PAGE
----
On July 1, 1863, which was the first day of the battle of Gettysburg, Henry Leckrone saw some rebel soldiers from General Jeb Stuart‘s cavalry pass his house with three horses belonging to Cicero Weigel. Henry lived in the farmhouse of the farm which was later developed and now known as Wellington Greens. Two of the horses were mouse colored and the other black. The three were valued at $425 according to a claim filed with the State in 1868.
Cicero died November 22, 1917 and his wife October 31, 1916. His son, Charles F., died June 9, 1929 and on March 26, 1930 Cicero’s estate sold the property to William Weigel and others. The tract remained unchanged and on November 18, 1965, along with another tract directly south of the house that was purchased by Cicero from Jacob Holtzapple (6 acres), was sold by Everett Weigel and others to Harry Wright. Wright subdivided both tracts and Cicero’s house became Lot 9 of Twin Brooks Second Addition. The frame barn was located on what is now 1951 Derry Road (Lot 7) and a pig sty on Lot 8 (1941 Derry Road).
Through the years many adverse conveyances have been made to the original land grant of Peter Weigel. In 1810 the farm included all of the lots on the south side of Sunset Lane Extended west of Derry Road to Walnut Bottom Drive, south to Loman Avenue and east to Derry Road. All of the streets east of Derry Road consisting of Loman Ave., and Thelon, Pearson and Lycan Drives were also part of the farm.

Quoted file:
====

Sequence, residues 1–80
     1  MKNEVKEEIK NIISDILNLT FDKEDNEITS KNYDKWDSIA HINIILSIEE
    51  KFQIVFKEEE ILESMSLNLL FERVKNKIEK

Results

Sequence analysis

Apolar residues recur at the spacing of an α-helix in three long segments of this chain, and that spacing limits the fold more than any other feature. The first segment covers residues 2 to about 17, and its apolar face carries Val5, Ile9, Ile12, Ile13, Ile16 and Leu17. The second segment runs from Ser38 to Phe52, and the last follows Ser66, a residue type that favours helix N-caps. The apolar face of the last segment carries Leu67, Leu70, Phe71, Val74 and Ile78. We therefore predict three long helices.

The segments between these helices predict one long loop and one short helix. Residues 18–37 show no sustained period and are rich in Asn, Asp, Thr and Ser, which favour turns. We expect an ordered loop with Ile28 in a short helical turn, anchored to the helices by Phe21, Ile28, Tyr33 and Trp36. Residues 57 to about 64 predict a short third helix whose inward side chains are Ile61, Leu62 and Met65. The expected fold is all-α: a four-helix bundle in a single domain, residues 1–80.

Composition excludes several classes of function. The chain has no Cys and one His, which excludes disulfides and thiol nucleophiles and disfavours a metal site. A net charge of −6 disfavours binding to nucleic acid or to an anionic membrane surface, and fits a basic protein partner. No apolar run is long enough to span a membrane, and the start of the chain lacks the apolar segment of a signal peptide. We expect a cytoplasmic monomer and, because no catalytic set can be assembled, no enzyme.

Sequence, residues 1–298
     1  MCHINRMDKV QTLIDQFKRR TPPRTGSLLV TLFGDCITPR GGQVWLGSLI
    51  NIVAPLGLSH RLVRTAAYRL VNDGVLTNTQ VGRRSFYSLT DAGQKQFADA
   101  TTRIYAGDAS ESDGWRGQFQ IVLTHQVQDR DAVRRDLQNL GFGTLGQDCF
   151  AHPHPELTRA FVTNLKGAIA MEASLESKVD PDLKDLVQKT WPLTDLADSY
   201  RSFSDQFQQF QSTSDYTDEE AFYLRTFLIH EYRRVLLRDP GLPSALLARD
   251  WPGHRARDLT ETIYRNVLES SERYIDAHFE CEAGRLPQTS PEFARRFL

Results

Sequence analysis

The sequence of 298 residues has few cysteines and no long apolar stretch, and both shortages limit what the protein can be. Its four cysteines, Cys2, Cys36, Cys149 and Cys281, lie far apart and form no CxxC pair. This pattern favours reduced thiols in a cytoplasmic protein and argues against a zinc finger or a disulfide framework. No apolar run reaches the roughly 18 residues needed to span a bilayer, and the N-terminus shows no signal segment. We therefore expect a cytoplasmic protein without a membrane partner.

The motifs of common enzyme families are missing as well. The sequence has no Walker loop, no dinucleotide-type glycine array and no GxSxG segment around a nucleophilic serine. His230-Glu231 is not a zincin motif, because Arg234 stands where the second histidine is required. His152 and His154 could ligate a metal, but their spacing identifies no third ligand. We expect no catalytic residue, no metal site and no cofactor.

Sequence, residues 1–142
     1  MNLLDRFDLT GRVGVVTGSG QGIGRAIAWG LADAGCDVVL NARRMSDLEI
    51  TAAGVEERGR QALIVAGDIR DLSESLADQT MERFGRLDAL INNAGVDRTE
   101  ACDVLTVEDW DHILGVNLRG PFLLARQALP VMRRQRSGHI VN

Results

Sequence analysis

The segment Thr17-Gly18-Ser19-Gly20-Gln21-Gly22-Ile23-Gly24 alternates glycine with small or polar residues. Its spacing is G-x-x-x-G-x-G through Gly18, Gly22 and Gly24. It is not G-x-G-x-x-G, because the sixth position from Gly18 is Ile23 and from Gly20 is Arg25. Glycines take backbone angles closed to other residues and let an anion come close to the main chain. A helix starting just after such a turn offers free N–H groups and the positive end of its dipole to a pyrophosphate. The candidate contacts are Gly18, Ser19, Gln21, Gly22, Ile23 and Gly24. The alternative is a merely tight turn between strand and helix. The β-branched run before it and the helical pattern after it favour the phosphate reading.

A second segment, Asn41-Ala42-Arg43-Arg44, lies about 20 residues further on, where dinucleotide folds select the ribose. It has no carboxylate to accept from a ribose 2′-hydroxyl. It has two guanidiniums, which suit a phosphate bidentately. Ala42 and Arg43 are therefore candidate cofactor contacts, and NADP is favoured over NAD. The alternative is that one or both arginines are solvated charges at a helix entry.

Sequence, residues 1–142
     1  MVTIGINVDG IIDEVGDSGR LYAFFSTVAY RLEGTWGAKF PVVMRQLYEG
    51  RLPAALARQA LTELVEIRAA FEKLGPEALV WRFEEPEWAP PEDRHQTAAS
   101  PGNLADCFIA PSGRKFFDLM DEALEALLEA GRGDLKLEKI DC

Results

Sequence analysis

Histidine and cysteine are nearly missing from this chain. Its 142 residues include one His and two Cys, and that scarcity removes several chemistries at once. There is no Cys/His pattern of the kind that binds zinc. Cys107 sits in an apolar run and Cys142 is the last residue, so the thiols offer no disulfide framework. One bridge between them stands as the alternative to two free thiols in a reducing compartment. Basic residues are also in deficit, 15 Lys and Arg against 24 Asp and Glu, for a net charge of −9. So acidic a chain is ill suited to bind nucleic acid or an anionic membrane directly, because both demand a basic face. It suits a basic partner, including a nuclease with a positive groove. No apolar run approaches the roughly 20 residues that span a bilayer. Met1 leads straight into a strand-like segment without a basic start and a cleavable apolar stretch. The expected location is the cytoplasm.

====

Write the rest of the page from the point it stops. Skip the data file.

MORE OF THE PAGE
Peter Sr. & Maria Catherine are buried in the old section of Shiloh Union Cemetery, as well as Peter Jr. & his wife Lovina. Cicero and Cassie and their son & daughter-in-law, Charles F. & Minnie M. are buried in the new section of Shiloh Union Cemetery on Third Ave.”
I thank Mel Miller for this interesting information. I read the Cicero Weigel damage claim in Harrisburg a couple of years ago. His filing is one of 54 damage claims from West Manchester Township, many of which were from J.E.B. Stuart’s passage through the township on the night of June 30 and early morning of July 1 en route to Dover from the Battle of Hanover. Henry Leckrone witnessed a patrol of Confederates leading away Cicero Weigel’s 8-year-old horse and two other horses.
Leander Weigel, a relative of Cicero’s I presume, had a 3-year-old gray mare taken from the barn of Samuel Bentzel by the Rebels. Both Leander and Leah (Welcomer) Weigel died in the summer of 1866 and did not live to see their claim resolved.
A scan of my database indicates that a total of 87 horses were taken from West Manchester Township residents, as well as 3 mules and various personal property. Residents filed claims that totaled more than $14,000 in 1863 dollars.

Not far from Weigle’s house was this impressive old farmhouse, which Mel Miller identifies as the Peter Eisenhart / Hans Groff home. According to my research, Peter Eisenhart’s 5-year-old sorrel was taken from the barn in the early morning hours of July 1 by members of J.E.B. Stuart’s division. He later filed a damage claim asking for $150 as compensation for his lost horse.

Another view of this nicely restored and maintained historical house and barn (which has a swimming pool attached, by the way!!!).